Intel processors: what you need to know to get started

What's in a number?

It's also worth noting that not all Intel Core processor brands are the same, even if they carry the i3, i5 or i7 modifier. There's also an alphanumeric code used to describe the processor model, and each one can tell prospective buyers something about what they can expect from it.

For example, an Intel Core i7-4770K model number breaks down as such: The first number after the brand modifier indicates the generation (in this case, the number four equals fourth-generation), followed by a three-digit numeric stock keeping unit (SKU) that helps differentiate each for the retailer.

The processor may include one or more product line suffixes. In the above example, the trailing "K" signifies an unlocked desktop model with a CPU capable of performing to peak potential, versus other letters like S or T, which are optimized for "lifestyle" performance or power, respectively.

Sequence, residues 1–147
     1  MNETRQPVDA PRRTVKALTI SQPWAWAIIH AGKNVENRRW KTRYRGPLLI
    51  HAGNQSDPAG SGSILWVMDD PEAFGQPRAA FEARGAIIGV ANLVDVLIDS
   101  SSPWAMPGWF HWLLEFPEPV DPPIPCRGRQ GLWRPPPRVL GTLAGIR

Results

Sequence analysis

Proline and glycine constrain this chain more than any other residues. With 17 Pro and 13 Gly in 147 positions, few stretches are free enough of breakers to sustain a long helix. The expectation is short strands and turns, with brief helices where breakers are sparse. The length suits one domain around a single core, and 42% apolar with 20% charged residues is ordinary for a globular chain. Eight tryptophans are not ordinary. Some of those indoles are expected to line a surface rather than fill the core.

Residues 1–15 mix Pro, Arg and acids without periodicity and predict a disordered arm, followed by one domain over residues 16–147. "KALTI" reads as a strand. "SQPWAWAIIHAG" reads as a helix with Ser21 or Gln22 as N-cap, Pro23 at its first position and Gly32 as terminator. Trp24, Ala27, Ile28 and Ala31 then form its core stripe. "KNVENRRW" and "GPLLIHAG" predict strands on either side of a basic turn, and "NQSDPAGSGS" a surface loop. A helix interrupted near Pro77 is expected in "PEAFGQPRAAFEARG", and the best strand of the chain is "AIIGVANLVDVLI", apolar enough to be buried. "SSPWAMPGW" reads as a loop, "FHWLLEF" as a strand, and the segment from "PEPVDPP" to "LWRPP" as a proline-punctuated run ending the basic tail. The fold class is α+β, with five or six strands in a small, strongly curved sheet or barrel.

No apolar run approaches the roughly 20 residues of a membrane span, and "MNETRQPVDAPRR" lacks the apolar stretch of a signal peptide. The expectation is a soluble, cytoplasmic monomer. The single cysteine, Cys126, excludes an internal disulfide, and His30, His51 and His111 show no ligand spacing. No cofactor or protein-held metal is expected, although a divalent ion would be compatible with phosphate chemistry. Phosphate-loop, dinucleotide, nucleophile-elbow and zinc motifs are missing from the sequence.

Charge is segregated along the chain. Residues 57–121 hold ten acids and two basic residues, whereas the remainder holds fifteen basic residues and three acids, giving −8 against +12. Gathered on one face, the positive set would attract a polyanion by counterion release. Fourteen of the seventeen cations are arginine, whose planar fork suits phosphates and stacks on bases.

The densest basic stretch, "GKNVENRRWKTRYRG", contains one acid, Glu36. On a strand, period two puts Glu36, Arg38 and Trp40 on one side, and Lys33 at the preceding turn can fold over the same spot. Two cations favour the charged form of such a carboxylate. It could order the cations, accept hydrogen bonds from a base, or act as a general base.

You may have heard Intel processors also referred to by their internal code names. Although you'll rarely see them marketed that way, code names like Sandy Bridge, Ivy Bridge and Haswell have become part of the tech media lexicon in recent years; Broadwell and Skylake are the latest kids on the block.

Intel Haswell processor

Haskell today, gone tomorrow? (credit:

See you next year

Much like the notebooks, desktops and mobile devices they power, Intel releases new processors on a near-annual basis, so whatever you purchase today will no longer be cutting edge a year from now.

With that wisdom in mind, a notebook or desktop powered by an Intel Core i5 or Core i7 is likely to be the best investment, unless the buyer is financially solvent enough to shell out thousands of dollars for a powerhouse with Xeon inside.

Rumors have been spreading that Intel plans to expand the popular Core series with something called i9, but to date the chipmaker seems content squeezing every bit of potential out of the Core i5 and Core i7 series, which offers the closest thing to future-proofing we're likely to get from a CPU.

Intel processor

Intel's got your back - and front (credit: The Register)

Speed trio

Speed curious? Here's a look at the top three fastest Intel processors powering desktop and notebook computers, according to 3DMark:


1. Intel Core i7-5960X (12540)

2. Intel Core i7-4960X (12480)

3. Intel Core i7-5930K (12440)


1. Intel Core i7-4870HQ or Intel Core i7-4860HQ (8430)

2. Intel Core i7-4940MX (7170)

3. Intel Core i7-4930MX (7070)